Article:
SNR Policy Review debates the process of approving genetically engineered products
U.S. Federal regulators have approved a fast-growing transgenic salmon as the first genetically engineered animal raised for human consumption. While some are hailing it as a historic breakthrough, others are questioning whether the approval process for the technology is stringent enough to prevent risks to the environment. One of those doing the questioning is Auburn University's Conner Bailey. Bailey recently published a policy review entitled, "Transgenic Salmon: Science, Politics, and Flawed Policy," in Society & Natural Resources, in which he calls for reconsideration of the U.S. Food and Drug Administration (FDA) as the designated agency for approving genetically engineered animals. The policy review is currently available for free from Society & Natural Resources.
According to Bailey, the FDA has the lead regulatory role for genetically engineered products in the U.S. because of a Federal decision made in 1986 and updated in 1992 that established the Coordinated Framework for the Regulation of Biotechnology. This framework was designed to establish clear responsibilities over such products among the U.S. Department of Agriculture, the U.S. Environmental Protection Agency and the FDA. While Bailey's article was working its way through the peer review process, the Obama Administration ordered a reconsideration of how transgenic animals and plans are reviewed and subsequently approved, giving the three agencies one year to accomplish the task. This reconsideration, however, will not affect the FDA's Nov. 19 decision to approve production and consumption of a transgenic salmon.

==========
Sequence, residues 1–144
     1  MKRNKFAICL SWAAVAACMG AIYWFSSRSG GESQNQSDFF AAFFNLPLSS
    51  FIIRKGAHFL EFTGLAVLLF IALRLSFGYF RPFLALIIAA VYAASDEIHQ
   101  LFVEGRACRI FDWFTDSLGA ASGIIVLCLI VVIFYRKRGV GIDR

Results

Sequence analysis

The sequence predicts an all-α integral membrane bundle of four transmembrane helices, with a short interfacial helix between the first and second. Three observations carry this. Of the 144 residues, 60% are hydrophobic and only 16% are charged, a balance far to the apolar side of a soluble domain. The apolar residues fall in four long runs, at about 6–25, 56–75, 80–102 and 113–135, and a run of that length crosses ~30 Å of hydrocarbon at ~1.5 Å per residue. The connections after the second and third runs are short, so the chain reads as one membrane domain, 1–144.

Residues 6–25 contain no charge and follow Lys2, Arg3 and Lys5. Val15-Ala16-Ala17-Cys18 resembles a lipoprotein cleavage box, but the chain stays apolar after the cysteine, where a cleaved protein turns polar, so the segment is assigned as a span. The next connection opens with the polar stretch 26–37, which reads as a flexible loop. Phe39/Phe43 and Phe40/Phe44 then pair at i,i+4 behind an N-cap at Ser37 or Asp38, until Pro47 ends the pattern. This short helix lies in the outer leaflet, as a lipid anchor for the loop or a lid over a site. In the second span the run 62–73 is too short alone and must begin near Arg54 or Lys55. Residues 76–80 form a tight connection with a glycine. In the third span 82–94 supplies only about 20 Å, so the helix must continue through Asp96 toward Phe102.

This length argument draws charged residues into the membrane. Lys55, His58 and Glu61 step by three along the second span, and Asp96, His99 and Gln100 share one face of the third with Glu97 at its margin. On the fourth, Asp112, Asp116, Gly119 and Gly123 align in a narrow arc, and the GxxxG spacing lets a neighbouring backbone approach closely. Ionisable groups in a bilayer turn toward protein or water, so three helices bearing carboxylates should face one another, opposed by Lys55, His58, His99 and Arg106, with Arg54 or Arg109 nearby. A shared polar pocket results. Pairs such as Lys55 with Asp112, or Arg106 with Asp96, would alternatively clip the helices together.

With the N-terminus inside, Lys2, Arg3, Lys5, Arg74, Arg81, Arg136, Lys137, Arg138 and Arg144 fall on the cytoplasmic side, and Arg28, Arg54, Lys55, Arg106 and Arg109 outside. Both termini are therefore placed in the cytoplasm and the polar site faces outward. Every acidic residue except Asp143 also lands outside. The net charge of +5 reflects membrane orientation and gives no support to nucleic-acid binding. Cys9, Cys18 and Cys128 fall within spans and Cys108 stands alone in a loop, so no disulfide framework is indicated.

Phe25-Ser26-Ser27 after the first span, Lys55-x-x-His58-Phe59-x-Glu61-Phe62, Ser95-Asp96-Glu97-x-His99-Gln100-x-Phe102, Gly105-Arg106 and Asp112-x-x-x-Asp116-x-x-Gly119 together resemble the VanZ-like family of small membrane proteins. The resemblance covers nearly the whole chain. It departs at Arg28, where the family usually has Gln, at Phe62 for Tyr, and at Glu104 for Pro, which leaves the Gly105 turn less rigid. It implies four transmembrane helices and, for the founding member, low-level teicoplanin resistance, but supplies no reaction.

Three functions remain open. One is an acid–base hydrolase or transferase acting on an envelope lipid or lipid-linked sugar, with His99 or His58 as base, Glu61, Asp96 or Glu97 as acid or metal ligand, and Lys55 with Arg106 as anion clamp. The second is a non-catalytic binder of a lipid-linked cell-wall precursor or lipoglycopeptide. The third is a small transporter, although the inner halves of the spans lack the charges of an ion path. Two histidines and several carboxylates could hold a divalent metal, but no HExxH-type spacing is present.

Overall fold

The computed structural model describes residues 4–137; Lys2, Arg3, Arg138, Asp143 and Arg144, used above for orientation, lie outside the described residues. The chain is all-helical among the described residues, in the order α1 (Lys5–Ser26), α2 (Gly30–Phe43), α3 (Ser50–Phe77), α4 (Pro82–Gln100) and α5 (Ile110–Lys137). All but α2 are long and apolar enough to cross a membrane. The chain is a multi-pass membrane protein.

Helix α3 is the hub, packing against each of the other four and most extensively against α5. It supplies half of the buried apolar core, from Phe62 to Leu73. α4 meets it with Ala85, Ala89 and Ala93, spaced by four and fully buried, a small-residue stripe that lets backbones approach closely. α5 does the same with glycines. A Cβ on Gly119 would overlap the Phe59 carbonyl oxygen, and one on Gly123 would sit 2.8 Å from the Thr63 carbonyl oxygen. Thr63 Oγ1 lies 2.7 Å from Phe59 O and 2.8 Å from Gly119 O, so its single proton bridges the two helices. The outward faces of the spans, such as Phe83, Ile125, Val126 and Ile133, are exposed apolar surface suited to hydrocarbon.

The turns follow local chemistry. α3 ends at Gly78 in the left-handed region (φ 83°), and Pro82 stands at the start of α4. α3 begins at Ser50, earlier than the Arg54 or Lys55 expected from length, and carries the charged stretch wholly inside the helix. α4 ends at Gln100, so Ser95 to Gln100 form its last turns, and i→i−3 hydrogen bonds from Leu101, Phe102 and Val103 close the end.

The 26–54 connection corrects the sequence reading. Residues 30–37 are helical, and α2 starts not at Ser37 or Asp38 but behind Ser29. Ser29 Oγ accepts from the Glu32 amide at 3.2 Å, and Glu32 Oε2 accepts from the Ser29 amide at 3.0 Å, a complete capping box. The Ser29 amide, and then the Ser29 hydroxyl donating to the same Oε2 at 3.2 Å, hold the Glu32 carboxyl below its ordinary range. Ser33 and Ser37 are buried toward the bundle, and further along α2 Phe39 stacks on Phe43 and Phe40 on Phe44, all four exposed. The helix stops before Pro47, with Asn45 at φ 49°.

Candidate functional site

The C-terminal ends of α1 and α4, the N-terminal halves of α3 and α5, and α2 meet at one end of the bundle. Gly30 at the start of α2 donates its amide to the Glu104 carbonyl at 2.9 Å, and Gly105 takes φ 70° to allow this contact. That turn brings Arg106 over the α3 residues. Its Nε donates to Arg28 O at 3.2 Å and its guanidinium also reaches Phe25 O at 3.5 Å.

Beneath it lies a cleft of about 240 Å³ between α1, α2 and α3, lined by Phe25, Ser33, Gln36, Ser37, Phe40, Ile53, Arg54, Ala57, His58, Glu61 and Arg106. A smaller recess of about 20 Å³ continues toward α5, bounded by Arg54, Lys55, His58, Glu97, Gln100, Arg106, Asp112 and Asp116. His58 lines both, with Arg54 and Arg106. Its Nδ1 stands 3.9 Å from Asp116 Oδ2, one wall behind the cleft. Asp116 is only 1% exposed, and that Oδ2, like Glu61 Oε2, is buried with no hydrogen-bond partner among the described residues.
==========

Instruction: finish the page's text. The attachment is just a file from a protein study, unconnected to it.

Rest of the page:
Bailey contends the FDA should not be alone in making such a determination. "The FDA is ill-equipped, on its own, to make a science-based decision on ecological impacts," Bailey said. "While the agency has staff expertise on questions of food safety, they have zero staff expertise on issues associated with aquatic ecology and aquaculture. The risk of releasing what is essentially an exotic species into the wild is real and potentially significant." The agency's recent action is precedent setting, said Bailey, and likely will lead to the adoption of genetic engineering in other fish species and possibly other animals as well.
In his review, Bailey argues that a careful, comprehensive approach is needed to address transgenic fish—a process involving those federal agencies that have the requisite expertise to make a full evaluation of food safety, social impacts, and environmental risks. "But the more pressing need is to overhaul the existing approval framework to address the unique challenges posed by introducing transgenic fish," he said.
Conner Bailey. Transgenic Salmon: Science, Politics, and Flawed Policy, Society & Natural Resources (2015). DOI: 10.1080/08941920.2015.1089610